Monday, August 21, 2017
Politics and terror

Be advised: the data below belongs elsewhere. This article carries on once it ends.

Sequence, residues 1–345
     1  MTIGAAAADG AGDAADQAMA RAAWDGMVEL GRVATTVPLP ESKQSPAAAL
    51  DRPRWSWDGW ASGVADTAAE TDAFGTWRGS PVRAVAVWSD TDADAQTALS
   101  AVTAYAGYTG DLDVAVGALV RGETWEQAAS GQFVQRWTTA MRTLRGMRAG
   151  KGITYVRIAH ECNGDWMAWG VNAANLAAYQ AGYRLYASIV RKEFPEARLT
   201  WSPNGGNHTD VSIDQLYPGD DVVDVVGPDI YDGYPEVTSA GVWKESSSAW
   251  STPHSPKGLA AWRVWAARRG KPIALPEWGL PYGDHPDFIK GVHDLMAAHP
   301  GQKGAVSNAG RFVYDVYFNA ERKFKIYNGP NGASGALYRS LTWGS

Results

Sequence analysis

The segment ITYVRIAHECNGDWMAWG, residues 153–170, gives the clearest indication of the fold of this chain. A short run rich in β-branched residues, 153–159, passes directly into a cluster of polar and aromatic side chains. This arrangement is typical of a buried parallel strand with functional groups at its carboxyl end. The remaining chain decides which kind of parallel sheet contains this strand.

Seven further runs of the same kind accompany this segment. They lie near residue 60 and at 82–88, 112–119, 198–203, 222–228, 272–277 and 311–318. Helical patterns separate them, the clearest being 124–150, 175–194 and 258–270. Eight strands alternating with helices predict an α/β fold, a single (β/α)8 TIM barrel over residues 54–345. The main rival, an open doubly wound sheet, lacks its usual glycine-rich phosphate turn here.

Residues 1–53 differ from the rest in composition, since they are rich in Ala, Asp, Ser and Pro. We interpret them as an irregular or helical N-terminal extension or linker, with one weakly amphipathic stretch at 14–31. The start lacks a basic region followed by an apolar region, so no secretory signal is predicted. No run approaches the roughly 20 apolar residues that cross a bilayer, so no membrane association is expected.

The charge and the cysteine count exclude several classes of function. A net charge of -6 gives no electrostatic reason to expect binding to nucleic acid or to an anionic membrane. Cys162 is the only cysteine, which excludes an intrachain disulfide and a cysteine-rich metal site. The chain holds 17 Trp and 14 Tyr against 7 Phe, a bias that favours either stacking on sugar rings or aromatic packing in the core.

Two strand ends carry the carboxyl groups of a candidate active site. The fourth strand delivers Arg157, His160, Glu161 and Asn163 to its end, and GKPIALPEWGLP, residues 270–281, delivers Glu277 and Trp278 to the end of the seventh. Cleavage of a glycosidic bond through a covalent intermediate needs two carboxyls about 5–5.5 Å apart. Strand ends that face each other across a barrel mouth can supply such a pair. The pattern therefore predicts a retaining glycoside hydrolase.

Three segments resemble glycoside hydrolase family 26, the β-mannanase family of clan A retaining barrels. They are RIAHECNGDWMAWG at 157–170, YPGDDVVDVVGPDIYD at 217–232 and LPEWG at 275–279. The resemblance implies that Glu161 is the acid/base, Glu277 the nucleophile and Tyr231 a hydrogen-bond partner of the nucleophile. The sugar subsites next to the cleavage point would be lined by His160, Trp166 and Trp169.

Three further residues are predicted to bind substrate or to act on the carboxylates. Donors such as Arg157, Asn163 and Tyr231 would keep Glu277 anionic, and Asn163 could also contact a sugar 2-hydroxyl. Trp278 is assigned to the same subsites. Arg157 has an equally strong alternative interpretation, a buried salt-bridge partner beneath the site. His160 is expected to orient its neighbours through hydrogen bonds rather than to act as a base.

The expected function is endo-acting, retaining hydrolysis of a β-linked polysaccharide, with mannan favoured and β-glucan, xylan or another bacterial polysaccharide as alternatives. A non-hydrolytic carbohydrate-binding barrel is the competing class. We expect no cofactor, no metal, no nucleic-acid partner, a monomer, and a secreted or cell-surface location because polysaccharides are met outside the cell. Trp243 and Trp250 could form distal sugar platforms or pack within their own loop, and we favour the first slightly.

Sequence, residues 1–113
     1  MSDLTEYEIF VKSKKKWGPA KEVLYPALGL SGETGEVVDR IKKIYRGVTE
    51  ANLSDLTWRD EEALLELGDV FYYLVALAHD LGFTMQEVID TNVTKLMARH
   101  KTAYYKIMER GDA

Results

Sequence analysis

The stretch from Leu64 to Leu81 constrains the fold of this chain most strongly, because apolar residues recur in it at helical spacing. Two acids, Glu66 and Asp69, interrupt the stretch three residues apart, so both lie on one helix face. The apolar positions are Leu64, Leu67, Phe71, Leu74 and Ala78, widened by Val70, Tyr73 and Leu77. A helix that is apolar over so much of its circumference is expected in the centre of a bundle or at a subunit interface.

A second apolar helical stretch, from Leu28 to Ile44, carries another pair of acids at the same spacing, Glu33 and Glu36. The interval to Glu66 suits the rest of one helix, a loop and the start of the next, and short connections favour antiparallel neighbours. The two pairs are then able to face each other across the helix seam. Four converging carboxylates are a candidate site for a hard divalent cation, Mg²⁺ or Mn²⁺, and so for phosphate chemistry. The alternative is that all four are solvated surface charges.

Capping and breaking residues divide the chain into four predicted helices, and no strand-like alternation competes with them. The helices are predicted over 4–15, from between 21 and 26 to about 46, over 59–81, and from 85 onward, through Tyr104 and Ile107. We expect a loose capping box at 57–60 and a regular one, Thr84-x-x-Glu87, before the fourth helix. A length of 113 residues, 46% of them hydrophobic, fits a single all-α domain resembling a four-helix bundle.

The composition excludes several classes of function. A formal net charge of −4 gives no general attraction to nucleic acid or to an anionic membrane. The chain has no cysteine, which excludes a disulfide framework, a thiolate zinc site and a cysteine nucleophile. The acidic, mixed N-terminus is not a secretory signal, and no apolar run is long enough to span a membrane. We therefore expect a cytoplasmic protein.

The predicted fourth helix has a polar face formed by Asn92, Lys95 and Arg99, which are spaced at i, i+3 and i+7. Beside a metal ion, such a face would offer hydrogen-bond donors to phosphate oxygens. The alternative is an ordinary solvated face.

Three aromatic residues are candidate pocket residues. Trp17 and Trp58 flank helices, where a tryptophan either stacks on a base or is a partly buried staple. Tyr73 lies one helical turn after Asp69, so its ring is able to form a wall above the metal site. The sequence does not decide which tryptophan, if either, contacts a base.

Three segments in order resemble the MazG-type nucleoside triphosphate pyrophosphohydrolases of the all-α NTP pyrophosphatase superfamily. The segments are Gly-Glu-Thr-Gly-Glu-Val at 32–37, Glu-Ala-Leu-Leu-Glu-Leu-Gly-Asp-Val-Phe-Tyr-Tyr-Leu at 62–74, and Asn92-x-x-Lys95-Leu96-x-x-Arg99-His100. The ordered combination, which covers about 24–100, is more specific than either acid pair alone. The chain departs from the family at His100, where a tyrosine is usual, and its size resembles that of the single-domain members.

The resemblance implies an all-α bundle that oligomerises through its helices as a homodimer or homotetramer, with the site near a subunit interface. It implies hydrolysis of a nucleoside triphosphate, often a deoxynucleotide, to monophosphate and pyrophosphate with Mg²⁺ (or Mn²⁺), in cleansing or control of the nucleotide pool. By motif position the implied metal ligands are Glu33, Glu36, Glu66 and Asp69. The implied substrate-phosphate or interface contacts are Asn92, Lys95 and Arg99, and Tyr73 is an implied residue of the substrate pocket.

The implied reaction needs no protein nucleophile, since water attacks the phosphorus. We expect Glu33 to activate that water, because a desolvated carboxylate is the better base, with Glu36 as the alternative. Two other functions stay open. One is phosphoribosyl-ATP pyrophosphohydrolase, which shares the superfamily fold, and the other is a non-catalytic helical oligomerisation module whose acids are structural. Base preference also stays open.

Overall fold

The first priority when a terrorist attack takes place in your city is to mourn the victims. But of course big terrorist attacks have political implications which in a democracy must be analyzed. The Guardian has today a very interesting editorial about the events in Barcelona last week. One paradox the British newspaper has paid attention to is that "On Sunday morning the king and queen led the mourners at a service in La Sagrada Familia, Barcelona’s cathedral, which, perhaps paradoxically in the circumstances, was conceived by Antoni Gaudí as a paeon to faith and nationalism." The service was exclusively Catholic: I wonder if a majority or perhaps any of the victims was a Catholic. The Guardian also says that "behind the solidarity, Spain’s national cohesion faces more stresses than in most European countries. At least eight of the terrorists appear to have grown up in one small town, Ripoll. Their horrified families are blaming Abdelbaki Es Satty, the imam of one of the town’s mosques, for radicalising their sons. Yet this is a region that is uncomfortably familiar with conflicts of identity. Catalonia’s president, Carles Puigdemont, attended the Sunday service with the king and queen, but it was a rare joint appearance with the monarchs for the republican politician, who is the architect of the unofficial referendum on independence that is scheduled to take place in less than six weeks’ time. Madrid continues to insist the plebiscite is illegal and that it will do everything it can to stop it happening. The last Catalan president who organised a similar referendum has been banned from public office for two years." Meanwhile the English edition of El País says that "An attack of this magnitude should be a wake up call for Catalan politicians, including the regional government, parliament and pro-independence movements, which have made the independence fantasy the sole issue on Catalonia’s political agenda over the last few years. It’s time to ditch the democratic nonsense, the flagrant law-breaking, the games, the tactics and political opportunism. It’s time that those governing us start working for our real interests. The fight against terrorism requires complete coordination and a concerted effort among the various authorities and security forces. And this kind of collaboration can only be achieved if there is absolute trust between the various layers of government and state bodies. So we appeal to the Catalan regional government and politicians in the region to work on a real agenda that will address the real problems affecting the people of Catalonia." I couldn't agree more.